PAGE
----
Particle stability of DOX@PLGA/PHL NPs was tested by measuring the hydrodynamic size41,62. NPs dispersed in DW (10 mg/ml) was mixed with DW, PBS (pH 7.4), or FBS at an equivalent volume ratio. Hydrodynamic size and particle size distribution were measured by described DLS method at 0, 1, 2, 4, and 24 h post-incubation.

PHL and DOX release profiles from PLGA/PHL NPs and DOX@PLGA/PHL NPs were tested at pH 7.4 and 5.560. DOX diffusion profiles across the dialysis membrane were also studied at pH 7.4 and 5.5. Dispersion (0.15 ml) of NPs containing 150 μg PHL or solution (0.15 ml) of free DOX (corresponding DOX amount in DOX@PLGA/PHL NPs (150 μg PHL)) was put into Mini-GeBAflex tubes (MWCO: 14 kDa; Gene Bio-Application Ltd., Yavne, Israel). That dialysis tube was transferred to conical tube containing 10 ml PBS (pH 7.4 or 5.5) including 0.3% SDS with 50 rpm agitation at 37 °C. At pre-determined time (6, 24, 48, and 72 h for NPs and 2, 6, 24, and 48 h for free DOX), release media (0.2 ml) were collected and the equivalent volume of fresh media was supplemented. PHL concentrations in the collected media were determined by the described HPLC method. DOX concentrations in the media were analyzed by fluorescence spectroscopy method. Fluorescence signals were detected at 480 nm (excitation) and 560 nm (emission) wavelengths by using a multi-mode microplate reader (SpectraMax i3, Molecular Devices, Sunnyvale, CA, USA).

Cellular uptake and distribution studies

Cellular accumulation and localization patterns of developed NPs were assessed in A549 cell (human lung adenocarcinoma cell; Korean Cell Line Bank (KCLB), Seoul, Korea) and NIH3T3 cell (mouse embryonic fibroblast cells; KCLB). A549 cells were cultured in RPMI 1640 (containing 300 mg/l of L-glutamine) including heat inactivated FBS (10%, v/v) and penicillin–streptomycin (1%, v/v) and NIH3T3 cells were cultured with DMEM containing 10% (v/v) FBS and 1% (v/v) penicillin–streptomycin, respectively. For fluorescence detection by flow cytometry and CLSM, Dil was loaded to PLGA NPs as a fluorescence dye. For the fabrication of PLGA/Dil NPs and DOX@PLGA/Dil NPs, Dil (1 mg) and PLGA (40 mg) were dissolved in the organic phase and poured into the 0.5% (w/v) PVA solution (20 ml) for making oil-in-water type emulsion. Following procedures were identical with the described method in above section.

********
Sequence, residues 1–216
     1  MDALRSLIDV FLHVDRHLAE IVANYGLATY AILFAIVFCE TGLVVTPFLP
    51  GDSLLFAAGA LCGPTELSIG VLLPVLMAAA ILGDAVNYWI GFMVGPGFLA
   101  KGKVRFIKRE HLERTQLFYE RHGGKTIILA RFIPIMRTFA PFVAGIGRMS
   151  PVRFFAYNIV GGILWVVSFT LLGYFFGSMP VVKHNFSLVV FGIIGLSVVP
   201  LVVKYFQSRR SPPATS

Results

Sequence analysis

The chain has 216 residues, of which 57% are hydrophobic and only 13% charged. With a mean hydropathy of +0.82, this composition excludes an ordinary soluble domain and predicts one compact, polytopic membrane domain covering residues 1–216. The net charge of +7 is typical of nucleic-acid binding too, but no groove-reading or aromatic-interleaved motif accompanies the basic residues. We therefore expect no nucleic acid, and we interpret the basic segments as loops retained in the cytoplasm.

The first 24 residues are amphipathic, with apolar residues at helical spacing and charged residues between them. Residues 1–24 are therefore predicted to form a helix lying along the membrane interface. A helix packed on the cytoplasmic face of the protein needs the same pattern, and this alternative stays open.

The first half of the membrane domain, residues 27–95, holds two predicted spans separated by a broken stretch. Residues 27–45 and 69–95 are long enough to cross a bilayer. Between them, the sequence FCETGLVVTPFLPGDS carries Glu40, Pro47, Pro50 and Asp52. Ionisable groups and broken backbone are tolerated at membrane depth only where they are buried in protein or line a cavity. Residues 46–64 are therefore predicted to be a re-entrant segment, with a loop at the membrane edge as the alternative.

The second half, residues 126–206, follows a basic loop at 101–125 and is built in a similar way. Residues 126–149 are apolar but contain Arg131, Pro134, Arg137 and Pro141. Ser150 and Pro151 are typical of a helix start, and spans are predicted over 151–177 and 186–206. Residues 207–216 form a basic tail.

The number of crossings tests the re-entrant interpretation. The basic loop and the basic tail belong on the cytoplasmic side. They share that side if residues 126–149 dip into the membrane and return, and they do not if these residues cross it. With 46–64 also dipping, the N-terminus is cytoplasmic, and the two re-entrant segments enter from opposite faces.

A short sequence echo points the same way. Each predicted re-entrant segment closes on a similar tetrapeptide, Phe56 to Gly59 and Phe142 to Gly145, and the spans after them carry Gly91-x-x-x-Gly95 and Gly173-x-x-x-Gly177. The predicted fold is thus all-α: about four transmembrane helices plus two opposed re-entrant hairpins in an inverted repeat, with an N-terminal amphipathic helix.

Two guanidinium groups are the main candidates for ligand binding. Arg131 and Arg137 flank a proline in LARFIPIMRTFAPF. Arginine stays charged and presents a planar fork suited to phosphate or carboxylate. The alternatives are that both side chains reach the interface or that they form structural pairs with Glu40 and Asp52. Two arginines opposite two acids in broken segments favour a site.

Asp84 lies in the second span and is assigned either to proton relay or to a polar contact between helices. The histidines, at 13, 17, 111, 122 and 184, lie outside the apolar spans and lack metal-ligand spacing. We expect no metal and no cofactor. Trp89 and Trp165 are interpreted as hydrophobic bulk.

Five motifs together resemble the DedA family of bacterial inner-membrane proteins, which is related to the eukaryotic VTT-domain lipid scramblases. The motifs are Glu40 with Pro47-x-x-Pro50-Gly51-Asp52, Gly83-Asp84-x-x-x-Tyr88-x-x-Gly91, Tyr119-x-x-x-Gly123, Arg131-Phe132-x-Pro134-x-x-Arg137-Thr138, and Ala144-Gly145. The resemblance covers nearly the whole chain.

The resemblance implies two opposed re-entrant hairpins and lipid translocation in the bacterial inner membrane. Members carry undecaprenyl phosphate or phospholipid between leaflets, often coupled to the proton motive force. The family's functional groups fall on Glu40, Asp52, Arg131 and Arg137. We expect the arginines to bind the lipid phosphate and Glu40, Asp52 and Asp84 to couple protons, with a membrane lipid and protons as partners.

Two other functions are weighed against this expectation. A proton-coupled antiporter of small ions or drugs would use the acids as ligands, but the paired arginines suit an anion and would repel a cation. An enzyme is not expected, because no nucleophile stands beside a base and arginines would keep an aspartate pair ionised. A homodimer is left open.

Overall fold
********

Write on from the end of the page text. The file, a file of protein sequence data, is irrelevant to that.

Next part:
A549 or NIH3T3 cells were seeded at a density of 4.0 × 105 cells per well in six-well plates and cultured at 37 °C for 1 day. Dil, DOX, Dil + DOX, PLGA/Dil NPs, DOX@PLGA NPs, and DOX@PLGA/Dil NPs were added to the cells at 1 μg/ml Dil concentration and/or corresponding DOX concentration (1.16 μg/ml) and incubated for 24 h. In case of DOX@PLGA/Dil NPs + SA group, DOX@PLGA/Dil NPs were pre-incubated with SA (150 μg/ml) prior to their application to the cells. Samples were eliminated and the cells were rinsed with PBS (pH 7.4) at least thrice. Cells were detached from the plate and cell pellets were obtained by centrifugation at 1,000 g for 5 min. Those cells were then suspended in FBS (2%, v/v) solution for flow cytometry analysis. Fluorescence intensity-dependent cell count was detected by a FACSCalibur Fluorescence-activated Cell Sorter (FACS) (BD Biosciences, San Jose, CA, USA)62.

Cellular distribution of designed NPs was evaluated by CLSM imaging. A549 or NIH3T3 cells were seeded on culture slides (BD Falcon, Bedford, MA, USA), at a density of 1.0 × 105 cells per well (surface area: 1.7 cm2 per well), and incubated at 37 °C for 1 day. PLGA/Dil NPs, DOX@PLGA NPs, and DOX@PLGA/Dil NPs were added to the cells at 1 μg/ml Dil concentration and incubated for 24 h. In case of DOX@PLGA/Dil NPs + SA group, DOX@PLGA/Dil NPs were pre-incubated with SA (150 μg/ml) prior to their application to the cells. After 24 h incubation, each sample was removed and cells were washed with PBS (pH 7.4) at least thrice. Cells were immersed in 4% formaldehyde solution for fixation. Following drying the sample, VECTASHIELD mounting medium with 4′,6-diamidino-2-phenylindole (DAPI) (H-1200; Vector Laboratories, Inc., Burlingame, CA, USA) was added to each specimen for staining nuclei and inhibiting fluorescence quenching. Cellular fluorescence signals were then monitored by CLSM (LSM 880, Carl-Zeiss, Thornwood, NY, USA)62.